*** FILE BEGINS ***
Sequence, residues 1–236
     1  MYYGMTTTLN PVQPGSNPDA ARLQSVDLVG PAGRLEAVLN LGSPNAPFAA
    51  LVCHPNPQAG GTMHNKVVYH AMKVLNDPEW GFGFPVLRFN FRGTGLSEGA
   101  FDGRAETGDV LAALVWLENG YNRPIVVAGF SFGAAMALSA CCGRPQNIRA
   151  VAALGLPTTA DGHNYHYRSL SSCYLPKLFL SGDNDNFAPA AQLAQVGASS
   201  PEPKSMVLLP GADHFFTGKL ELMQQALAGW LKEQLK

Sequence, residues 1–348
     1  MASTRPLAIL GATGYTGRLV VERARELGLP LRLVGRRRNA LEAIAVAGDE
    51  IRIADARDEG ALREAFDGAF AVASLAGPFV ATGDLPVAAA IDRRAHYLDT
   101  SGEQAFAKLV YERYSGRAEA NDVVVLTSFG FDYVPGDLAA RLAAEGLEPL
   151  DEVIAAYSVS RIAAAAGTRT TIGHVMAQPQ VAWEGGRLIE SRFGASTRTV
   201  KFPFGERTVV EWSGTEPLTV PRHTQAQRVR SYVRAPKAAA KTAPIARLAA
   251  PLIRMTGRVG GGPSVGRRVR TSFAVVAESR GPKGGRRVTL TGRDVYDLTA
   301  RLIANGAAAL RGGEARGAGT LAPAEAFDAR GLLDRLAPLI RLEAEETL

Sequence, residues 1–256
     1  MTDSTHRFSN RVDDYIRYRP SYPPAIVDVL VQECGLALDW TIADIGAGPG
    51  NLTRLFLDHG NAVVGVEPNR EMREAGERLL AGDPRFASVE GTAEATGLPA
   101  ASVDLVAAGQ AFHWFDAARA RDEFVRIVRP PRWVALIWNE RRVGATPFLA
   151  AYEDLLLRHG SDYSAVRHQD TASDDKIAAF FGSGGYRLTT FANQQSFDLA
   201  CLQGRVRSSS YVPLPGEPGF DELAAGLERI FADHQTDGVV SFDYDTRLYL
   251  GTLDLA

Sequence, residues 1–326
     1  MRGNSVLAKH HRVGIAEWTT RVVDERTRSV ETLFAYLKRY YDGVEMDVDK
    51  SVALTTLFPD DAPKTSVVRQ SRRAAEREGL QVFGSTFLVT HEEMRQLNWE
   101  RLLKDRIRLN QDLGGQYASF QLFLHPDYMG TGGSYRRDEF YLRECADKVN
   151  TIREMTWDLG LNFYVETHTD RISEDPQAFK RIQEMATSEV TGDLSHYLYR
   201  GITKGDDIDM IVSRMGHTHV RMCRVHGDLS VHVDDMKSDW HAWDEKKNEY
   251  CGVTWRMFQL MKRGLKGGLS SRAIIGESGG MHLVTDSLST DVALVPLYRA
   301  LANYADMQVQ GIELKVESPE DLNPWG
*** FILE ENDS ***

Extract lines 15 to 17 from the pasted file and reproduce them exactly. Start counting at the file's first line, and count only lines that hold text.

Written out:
Sequence, residues 1–256
     1  MTDSTHRFSN RVDDYIRYRP SYPPAIVDVL VQECGLALDW TIADIGAGPG
    51  NLTRLFLDHG NAVVGVEPNR EMREAGERLL AGDPRFASVE GTAEATGLPA